In a recent online conversation, parents discuss their children’s emergency text codes, prompted by a post on Reddit where a mother shared her child’s unique method of communicating their need for assistance by sending a hot dog emoji. The post resonated with other mothers, who chimed in with their own stories and expressed approval of the practice, highlighting the importance of establishing effective communication channels with their children.
Parents and adolescents frequently trade a rich trove of private jokes and slang terms that only the two groups of people understand. Therefore, some families have taken advantage of this to their benefit by establishing standard emojis and phrases that a teen can use if they are ever in a situation in which they require the assistance of the parent in order to get out of it and they want to maintain their discretion. One parent on Reddit explained the process in detail, writing in the Parenting subreddit that their child just sent them a text message with a hot dog emoji, which is a code for the message “Please make it so that my desire to return home is entirely your fault.” Another parent on Reddit provided a similar explanation.
The original author (OP) of the message stated, “any random emoji when we’re not texting each other will work.” This was written under the user handle u/jtboe79.
The statement went on to say, “Because I had already gone to bed when I received this text message, my initial reaction was one of concern because he was scheduled to spend the night with a friend. I gave him a call and explained that he would no longer be allowed to spend the night at my place because he had failed to unload the dishwasher before he left. Have all of your belongings organized since I’ll be there in just a few minutes.”
As soon as the young person got into the vehicle, the OP inquired about what was going on. “He thanked me for getting him out of there and admitted he didn’t know how to tell the friend he wanted to leave.” commented u/jtboe79 on reddit. “He felt uneasy with his friend’s grandpa, but he didn’t know how to express his discomfort to his friend.”
The OP continued by saying that they would chat further about the reasons why he felt awkward the next day. The user u/jtboe79 wrote on reddit: “But for tonight, I will be thankful that he recalled I would attend if he utilized emoji.” They said they wanted to “put it out there in case anyone needs ideas on how to get their children out of situations when they feel unable to talk.”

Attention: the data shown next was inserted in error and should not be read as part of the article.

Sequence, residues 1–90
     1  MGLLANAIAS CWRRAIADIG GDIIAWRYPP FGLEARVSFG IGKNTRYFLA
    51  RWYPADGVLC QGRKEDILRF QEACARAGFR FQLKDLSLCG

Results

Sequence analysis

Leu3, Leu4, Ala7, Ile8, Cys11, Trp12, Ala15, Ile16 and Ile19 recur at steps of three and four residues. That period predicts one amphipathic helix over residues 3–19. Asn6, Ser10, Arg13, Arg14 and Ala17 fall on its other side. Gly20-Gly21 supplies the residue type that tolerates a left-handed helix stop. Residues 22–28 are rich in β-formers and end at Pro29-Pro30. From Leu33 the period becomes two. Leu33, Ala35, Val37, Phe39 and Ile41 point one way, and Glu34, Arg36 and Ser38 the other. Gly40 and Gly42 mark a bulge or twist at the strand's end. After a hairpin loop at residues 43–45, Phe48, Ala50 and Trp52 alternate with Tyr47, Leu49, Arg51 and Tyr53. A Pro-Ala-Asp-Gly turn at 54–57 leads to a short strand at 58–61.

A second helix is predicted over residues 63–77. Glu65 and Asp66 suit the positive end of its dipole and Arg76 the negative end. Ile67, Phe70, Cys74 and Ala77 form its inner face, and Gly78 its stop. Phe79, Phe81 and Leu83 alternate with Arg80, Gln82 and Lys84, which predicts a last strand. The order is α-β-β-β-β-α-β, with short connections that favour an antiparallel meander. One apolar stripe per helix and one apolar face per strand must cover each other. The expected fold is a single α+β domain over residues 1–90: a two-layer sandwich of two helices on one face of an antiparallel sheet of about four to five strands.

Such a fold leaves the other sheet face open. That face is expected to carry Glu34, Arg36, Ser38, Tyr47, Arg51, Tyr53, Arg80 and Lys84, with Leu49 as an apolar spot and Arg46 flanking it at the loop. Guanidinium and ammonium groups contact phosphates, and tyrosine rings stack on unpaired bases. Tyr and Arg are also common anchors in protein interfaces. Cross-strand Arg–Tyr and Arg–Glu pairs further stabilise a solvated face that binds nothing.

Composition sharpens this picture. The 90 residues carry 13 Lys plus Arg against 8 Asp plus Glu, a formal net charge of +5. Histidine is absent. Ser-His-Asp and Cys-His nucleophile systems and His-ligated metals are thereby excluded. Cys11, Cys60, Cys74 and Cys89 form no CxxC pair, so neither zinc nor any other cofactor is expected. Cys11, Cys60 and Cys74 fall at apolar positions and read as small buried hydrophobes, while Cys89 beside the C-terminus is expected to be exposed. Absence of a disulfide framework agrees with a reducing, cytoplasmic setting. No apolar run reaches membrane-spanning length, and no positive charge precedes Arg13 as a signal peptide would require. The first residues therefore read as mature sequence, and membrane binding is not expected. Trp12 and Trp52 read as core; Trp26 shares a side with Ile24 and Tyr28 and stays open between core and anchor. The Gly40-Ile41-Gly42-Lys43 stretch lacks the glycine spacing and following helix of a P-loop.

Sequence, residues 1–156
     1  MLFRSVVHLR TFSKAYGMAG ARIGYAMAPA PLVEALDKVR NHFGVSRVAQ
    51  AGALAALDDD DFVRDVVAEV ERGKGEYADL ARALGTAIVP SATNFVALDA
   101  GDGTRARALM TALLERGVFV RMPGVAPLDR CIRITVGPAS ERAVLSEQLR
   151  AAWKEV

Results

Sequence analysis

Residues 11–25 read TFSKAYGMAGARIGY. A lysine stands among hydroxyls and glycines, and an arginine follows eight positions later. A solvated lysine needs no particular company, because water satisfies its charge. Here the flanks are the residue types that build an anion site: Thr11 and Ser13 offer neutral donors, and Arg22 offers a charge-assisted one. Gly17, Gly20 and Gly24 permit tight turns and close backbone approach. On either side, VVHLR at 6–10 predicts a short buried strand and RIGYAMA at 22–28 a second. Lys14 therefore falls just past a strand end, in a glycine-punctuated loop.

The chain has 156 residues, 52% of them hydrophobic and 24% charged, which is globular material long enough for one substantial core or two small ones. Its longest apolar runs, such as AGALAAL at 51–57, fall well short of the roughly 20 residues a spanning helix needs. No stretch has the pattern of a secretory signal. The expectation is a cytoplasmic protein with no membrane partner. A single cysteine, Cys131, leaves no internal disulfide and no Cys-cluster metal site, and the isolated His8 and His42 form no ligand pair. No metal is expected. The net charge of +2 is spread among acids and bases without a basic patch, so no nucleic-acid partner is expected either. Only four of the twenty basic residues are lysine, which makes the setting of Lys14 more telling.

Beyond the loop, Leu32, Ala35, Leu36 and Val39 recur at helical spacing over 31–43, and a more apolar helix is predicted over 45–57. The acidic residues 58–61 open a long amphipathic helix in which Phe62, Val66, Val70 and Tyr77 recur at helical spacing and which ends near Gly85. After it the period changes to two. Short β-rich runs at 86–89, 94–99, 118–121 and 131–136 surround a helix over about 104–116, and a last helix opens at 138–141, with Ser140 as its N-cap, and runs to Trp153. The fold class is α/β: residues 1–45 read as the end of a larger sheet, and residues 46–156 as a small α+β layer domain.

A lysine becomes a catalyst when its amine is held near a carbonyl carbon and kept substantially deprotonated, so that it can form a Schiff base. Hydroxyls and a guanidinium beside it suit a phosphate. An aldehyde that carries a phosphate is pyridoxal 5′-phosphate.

Other parents on Reddit expressed their approval of the teen’s action. Commenter u/Mannings4head revealed that in their household, they’d coined the phrase “Is grandpa okay?” to express their concern for an elderly relative. “They call their grandpa Pop-Pop so there is no confusion on our end, and asking about the health of a grandparent is normal enough that it wouldn’t be suspicious if another kid saw the text,” they pointed out. “They ask about the health of a grandparent on a regular enough basis that it wouldn’t be suspicious if another kid saw the text.”
Commenter u/getyourownthememusic shared their thoughts on the topic as follows: “Even though I didn’t get a cell phone until I was in high school, the code I used to use with my parents was to call them and ask, “Did you feed the fish?” I didn’t get a cell phone until I was in high school. There was never a fish in our house, and my parents were quite good at making excuses for why I needed to be picked up immediately. It is of the utmost significance to implement a system like that with one’s children.”
And u/joyluster revealed that the secret message their 13-year-old sends to them through text is, “I left something upstairs; can you get it for me?” They made the observation that “Our home does not have two stories.” “Therefore, my son and I are aware that if he sends me this while he is out, I will rush over to fetch him as soon as possible. This was something that helped me traverse the teenage years, especially with regard to my anxieties. I am grateful for its assistance.”
Some parents have even passed down a secret password from generation to generation. u/atelopuslimosus, a commenter, explained it like this: “The parents of my wife’s cousins have a beautiful tradition, which will be carried down to our child in the form of the fictitious sibling Phyllis. This tradition was passed down from my wife’s parents. It was as simple as my wife or one of her siblings picking up the phone and asking for Phyllis. The parents would pick them up without any questions being asked.”
In addition, parents who had not yet created a code word or phrase with their children reported that the thread provided them with ideas for such a term or phrase to use. According to what u/marsmither wrote, “This is fantastic. I am grateful that you shared this, and I will try to keep it in mind when my children are old enough to benefit from it. Genius. And I just wanted to say congratulations on having such a wonderful, trustworthy, and open relationship with your son. That is a genuinely precious moment, and it is the kind of time I hope to share with my child.”
Thanks to the original poster for providing this helpful tip. A good number of parents and their children will feel safer if they have their own emoji, code, or phrase that they can use in an emergency.
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